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Thread: New vs. Old hardware

  1. #21
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    Re: New vs. Old hardware

    The joke's on me because they decided to install Win7 on it before giving it to me. I think it would have handled XP fine, but it's having all sorts of issues with sluggishness when switch between programs or even launching a browser with outlook open.

    I figure it moved everything to virtual memory which causes the slow down. Hurray for a "Tech" company not having newer equipment.
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  2. #22
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    Re: New vs. Old hardware

    Quote Originally Posted by mips View Post
    Maybe a custom kernel would be a good idea to try. Talking about kernels this is why I like micro-kernels, I know there are pros & cons but I think those cons could be sorted out to a large degree.
    There are drawbacks to a monolithic kernel for sure. The bloat you are referring to is an unavoidable consequence of the ballooning diversity of equipment over the passage of time. Linus and company have had to perform this really difficult three-part balancing act between adding more code to look after the latest stuff, being careful to trim only what's obsolete, and keeping the kernel size reasonable. And it's like: you only get to choose two, so kernel size suffers.

    Conceptually, it's not hard to keep kernel bloat under control: Gentoo is tight, tiny and blazingly fast on old equipment, but this theoretical advantage is completely lost in the real world because a Gentoo install requires compiling your own kernel. This is simply not on the table for the average user. When I try Gentoo on really old equipment, I get it working less than a third of the time, after sweating for hours over really arcane kernel parameters and sometimes only after chasing down patches and obscure modules that are no longer supported. And then, the Gentoo update/upgrade process is like pulling teeth compared to the Debian approach. You really appreciate apt after trying to work with emerge (or maybe it's just my lack of familiarity with it).

    An example of how bloated the kernel has become can be seen when comparing even the lightest modern distro—I would cite Tiny Core—to the kernel in my ancient first-generation HP Media Vault. TC takes up 40MB, which is already a size no mainstream distro can come close to touching. The Media Vault runs a Samba server, NFS server, USB, LPT, cron, NTP, a primitive web server, busybox with a decent selection of tools, and still has room to install ssh and rsync when hacked, and it does so on 64KB—that's K as in Kilo!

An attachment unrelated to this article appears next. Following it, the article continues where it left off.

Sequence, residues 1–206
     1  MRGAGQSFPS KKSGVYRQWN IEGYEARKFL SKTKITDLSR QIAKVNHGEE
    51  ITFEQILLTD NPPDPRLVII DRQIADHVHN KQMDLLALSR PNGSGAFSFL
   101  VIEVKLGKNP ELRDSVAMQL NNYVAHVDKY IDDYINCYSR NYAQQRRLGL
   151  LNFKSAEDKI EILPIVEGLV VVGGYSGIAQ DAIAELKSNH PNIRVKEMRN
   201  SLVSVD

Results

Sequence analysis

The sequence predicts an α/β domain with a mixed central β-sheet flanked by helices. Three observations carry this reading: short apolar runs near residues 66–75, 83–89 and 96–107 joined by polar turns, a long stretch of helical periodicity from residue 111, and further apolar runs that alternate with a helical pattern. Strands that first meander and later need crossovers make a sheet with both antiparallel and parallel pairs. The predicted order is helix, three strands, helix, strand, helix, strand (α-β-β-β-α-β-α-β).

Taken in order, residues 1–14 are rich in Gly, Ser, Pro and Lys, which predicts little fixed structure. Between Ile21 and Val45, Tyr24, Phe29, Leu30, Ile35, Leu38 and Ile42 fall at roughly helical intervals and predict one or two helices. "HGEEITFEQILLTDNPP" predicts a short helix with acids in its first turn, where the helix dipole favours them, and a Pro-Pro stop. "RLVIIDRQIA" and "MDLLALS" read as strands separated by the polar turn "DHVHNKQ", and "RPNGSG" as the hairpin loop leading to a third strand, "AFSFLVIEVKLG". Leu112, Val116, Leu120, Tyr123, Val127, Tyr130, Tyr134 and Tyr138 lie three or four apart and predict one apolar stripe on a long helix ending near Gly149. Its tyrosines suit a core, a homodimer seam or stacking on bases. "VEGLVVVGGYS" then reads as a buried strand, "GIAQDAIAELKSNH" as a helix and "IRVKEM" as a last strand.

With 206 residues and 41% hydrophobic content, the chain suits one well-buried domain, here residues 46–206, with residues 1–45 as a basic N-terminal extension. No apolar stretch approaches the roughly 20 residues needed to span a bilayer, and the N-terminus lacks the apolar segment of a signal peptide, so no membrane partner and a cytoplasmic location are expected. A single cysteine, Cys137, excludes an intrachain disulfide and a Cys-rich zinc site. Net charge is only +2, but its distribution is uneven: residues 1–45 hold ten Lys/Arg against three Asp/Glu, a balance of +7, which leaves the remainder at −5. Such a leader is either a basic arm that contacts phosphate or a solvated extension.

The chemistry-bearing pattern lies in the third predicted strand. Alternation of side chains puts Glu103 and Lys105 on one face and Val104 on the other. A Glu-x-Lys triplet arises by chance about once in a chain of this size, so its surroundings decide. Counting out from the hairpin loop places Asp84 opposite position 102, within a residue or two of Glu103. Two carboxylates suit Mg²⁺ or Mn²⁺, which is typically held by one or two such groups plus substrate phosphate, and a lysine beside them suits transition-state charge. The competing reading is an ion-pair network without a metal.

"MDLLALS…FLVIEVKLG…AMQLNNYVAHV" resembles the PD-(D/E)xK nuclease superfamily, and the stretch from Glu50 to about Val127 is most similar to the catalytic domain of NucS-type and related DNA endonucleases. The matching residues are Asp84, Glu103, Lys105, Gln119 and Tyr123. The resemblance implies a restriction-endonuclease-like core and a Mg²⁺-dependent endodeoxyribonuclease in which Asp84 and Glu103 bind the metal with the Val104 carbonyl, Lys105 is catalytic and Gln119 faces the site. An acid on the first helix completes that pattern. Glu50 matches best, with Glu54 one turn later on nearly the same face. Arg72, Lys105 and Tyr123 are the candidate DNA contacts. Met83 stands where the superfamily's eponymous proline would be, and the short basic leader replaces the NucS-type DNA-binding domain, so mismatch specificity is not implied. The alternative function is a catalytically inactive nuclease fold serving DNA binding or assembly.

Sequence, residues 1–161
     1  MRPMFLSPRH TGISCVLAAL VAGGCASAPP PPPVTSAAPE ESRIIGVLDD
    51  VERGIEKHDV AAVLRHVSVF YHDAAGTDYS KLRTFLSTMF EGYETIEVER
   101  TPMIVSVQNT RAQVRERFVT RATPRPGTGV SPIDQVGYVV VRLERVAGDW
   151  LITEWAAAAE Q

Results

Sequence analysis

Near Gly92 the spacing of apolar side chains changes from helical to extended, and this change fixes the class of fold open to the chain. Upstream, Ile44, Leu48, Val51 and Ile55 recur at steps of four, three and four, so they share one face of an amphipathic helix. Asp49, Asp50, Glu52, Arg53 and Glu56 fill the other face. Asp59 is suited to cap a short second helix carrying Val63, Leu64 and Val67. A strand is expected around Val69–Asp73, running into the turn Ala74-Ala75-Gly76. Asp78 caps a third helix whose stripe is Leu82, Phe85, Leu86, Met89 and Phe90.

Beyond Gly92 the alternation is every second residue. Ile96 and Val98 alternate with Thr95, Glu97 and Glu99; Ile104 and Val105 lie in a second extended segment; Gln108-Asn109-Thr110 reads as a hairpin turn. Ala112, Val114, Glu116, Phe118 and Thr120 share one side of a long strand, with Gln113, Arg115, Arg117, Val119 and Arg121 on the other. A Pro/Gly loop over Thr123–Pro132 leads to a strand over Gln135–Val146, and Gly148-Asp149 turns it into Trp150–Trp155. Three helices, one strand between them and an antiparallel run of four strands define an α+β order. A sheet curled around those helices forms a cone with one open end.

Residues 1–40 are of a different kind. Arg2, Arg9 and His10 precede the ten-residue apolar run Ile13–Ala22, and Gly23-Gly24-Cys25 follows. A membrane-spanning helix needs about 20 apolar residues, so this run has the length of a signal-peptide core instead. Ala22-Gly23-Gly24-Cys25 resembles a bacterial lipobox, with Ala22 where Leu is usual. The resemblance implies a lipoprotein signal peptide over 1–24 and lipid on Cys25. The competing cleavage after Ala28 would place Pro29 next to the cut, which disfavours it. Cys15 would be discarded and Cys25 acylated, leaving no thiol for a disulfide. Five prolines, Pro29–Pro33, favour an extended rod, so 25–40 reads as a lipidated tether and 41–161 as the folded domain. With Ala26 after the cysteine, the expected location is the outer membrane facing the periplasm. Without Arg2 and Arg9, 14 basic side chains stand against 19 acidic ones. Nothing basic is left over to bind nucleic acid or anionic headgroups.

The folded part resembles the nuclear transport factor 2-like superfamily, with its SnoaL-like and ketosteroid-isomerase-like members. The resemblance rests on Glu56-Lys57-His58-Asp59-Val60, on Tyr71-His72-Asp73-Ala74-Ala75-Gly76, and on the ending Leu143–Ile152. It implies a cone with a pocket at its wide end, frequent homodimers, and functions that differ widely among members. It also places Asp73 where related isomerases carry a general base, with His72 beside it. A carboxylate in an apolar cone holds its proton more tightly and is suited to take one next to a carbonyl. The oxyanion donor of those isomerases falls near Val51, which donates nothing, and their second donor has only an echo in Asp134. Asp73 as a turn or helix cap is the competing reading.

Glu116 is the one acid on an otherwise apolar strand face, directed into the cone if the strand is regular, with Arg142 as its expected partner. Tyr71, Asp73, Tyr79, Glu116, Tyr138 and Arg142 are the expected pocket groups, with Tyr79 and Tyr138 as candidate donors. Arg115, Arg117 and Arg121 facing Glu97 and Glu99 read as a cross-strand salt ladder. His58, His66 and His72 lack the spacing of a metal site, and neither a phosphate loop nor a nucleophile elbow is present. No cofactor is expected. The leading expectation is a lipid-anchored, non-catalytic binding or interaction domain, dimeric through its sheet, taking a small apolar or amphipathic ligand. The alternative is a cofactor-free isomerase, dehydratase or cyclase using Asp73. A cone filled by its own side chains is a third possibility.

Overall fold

However, I can't agree with you re: XP. The original XP ran quickly on the old boxes, but by the time you get to SP3, and added the various versions of .NET (which most people had to do for apps they needed), and after what feels like a thousand security updates (which you absolutely MUST do), plus loading it up with AV, anti-blah-blah-blah (again, another absolute requirement), it became even more bloated and crufty than any modern distro, but with crappy security, crappy stability, crappy disk I/O, and crappy multitasking. In theory, a microkernel can have advantages over a monolithic one, but only if it is implemented well, and all Windows OSes are implemented like train wrecks. For actual stable productivity use, this old-hardware hound would choose DSL/Tiny Core/SliTaz over XP any day.

    For a time, I kept expecting great things from HURD, but it seems to have slowed down to a dead stop these days. Anyone know what's happening?
    Newb: How far must I jump to clear the ledge halfway down?
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    Newb: Stop harping about "best practices" and just tell me.


  3. #23
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    Re: New vs. Old hardware

    Quote Originally Posted by CharlesA View Post
    The joke's on me because they decided to install Win7 on it before giving it to me. I think it would have handled XP fine, but it's having all sorts of issues with sluggishness when switch between programs or even launching a browser with outlook open.

    I figure it moved everything to virtual memory which causes the slow down. Hurray for a "Tech" company not having newer equipment.
    I have Win 7 on an old machine and it was a dog until I updated the graphic drivers. Now it is usable.
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  4. #24